The clinical concept of different, changing behaviour phenotypes of CD, with many patients progressing overtime to the penetrating or to the small bowel stricture subgroup,[1] has slowly been accepted by radiologists.[2] Identifying the fistulas, abscesses, or strictures, however, is an easier task than distinguishing between an active inflammatory and a fibrotic stenosis, that might direct the therapy toward either medical treatment or surgery.

MRI enterography in the evaluation of the gastrointestinal tract is preferred because of lack of ionizing radiation, high tissue contrast, reasonably safe profile of gadolinium-based contrast media, ability to perform real-time and functional imaging.[3] MRI enterography became more popular in the imaging of small bowel because of the development of fast breath-hold sequences (eliminating motion artifacts) and availability of suitable luminal contrast agents (allowing optimal distension).[4] While several published papers affirm the diagnostic usefulness of MRI enterography in CD,[516] most of the recent research has been targeted at the assessment of the degree of inflammatory activity in the affected loops, with the main purpose of monitoring the therapy and detecting the onset of complications.[610121317] However, only a few studies can be found trying to answer the question whether MRI enterography can reliably direct the therapy when a stenosis occurs in CD.[101418]


Procedure of MRI enterography was fully explained to all patients as part of the informed consent. This study was approved by the institutional review board in accordance with the Helsinki Declaration of 1975 (revised in 2000).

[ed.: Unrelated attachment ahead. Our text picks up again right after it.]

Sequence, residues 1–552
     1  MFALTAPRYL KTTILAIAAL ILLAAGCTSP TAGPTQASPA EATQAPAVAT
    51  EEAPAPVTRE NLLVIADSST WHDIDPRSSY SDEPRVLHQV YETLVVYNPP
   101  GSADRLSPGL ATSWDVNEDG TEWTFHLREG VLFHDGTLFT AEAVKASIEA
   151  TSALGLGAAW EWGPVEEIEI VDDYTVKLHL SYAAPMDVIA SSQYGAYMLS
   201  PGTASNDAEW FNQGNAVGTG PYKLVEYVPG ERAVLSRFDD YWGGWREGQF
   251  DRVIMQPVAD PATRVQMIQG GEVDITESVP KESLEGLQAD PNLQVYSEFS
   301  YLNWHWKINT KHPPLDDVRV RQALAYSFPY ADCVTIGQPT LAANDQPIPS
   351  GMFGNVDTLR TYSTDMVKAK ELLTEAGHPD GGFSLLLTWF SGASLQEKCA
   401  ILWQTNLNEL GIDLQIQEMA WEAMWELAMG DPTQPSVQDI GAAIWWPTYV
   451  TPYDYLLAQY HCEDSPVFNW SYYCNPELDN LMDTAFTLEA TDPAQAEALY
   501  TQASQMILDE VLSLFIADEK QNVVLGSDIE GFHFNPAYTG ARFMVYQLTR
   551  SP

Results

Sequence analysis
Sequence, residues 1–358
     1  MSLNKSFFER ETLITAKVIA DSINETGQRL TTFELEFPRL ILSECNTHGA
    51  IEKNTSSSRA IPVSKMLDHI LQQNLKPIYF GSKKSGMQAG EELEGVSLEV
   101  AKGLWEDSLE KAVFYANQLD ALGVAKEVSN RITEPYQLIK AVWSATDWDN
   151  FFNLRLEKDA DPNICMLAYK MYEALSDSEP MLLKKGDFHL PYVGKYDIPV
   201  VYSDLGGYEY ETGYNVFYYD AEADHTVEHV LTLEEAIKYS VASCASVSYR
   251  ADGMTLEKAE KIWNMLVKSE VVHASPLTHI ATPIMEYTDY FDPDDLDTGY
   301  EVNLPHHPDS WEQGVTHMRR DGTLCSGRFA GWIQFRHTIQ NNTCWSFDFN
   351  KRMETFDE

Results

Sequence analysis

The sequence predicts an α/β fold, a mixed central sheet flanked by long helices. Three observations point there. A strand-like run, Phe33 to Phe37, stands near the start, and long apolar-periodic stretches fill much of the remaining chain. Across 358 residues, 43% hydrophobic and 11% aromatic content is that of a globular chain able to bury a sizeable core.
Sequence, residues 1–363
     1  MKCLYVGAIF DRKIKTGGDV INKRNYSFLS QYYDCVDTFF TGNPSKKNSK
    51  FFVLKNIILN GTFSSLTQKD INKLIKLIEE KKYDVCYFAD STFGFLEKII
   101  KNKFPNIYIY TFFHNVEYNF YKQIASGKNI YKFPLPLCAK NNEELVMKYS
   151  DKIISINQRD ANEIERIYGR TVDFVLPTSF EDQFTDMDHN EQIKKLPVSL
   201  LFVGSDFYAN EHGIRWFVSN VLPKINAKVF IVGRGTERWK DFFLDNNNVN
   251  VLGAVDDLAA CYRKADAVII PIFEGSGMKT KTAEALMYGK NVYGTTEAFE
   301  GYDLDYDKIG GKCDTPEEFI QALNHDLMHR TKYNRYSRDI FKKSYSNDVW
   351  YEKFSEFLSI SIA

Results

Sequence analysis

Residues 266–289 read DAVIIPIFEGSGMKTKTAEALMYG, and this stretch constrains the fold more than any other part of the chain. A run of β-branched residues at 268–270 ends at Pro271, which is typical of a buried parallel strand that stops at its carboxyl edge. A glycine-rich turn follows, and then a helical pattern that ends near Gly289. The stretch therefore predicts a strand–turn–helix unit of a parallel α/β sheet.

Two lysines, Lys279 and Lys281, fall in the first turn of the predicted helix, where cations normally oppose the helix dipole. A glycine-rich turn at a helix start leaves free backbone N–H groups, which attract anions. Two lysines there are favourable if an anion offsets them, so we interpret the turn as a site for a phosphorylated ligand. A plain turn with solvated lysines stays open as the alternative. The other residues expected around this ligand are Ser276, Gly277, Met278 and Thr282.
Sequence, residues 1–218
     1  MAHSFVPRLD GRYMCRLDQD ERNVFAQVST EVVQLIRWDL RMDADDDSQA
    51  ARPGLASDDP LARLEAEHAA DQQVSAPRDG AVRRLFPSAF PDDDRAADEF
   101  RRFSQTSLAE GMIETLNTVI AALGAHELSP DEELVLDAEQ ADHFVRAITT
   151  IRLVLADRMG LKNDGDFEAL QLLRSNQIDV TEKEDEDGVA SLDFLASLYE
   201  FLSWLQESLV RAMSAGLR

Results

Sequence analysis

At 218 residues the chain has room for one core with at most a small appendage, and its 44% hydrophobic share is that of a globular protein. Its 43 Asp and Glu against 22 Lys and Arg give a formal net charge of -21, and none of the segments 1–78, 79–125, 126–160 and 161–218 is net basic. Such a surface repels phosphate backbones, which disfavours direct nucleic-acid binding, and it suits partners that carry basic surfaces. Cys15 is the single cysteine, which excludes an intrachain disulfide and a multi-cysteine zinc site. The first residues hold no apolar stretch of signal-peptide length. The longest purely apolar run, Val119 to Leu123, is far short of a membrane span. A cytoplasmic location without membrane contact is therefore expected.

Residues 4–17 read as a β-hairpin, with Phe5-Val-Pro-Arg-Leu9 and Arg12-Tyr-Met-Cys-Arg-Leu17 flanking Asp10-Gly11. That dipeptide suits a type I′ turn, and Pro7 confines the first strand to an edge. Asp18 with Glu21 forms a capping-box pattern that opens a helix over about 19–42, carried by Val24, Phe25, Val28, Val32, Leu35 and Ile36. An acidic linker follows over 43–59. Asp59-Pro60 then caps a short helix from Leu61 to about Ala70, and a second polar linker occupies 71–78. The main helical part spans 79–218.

Research plan

All MRI enterography examinations performed including the follow-up examinations were prospectively evaluated by two experienced radiologists independently, before a therapeutic decision was taken by the referring physicians, with the aim of differentiating active inflammatory from fibrotic stenosis. Histological findings were used as a reference standard in the patients who underwent surgery and clinical/radiological evaluations as a standard in those who did not undergo surgery.

A stenosis was defined as a reduction of the bowel lumen (diameter at least 80% lower than that measured in a normal adjacent nonprestenotic loop) associated with focal wall thickening (>3 mm). Both the T2 signal intensity and the post-gadolinium T1 enhancement of the bowel wall at the level of the stenosis were subjectively determined by the two observers using a semiquantitative 5-point scale (Activity score: AS – 0 : very low; 1: low; 2: moderate; 3: high; and 4: very high); when the evaluations of the two observers were different, a final decision was reached by consensus. A stenosis was judged fibrotic if the sum of the two AS values did not exceed 1.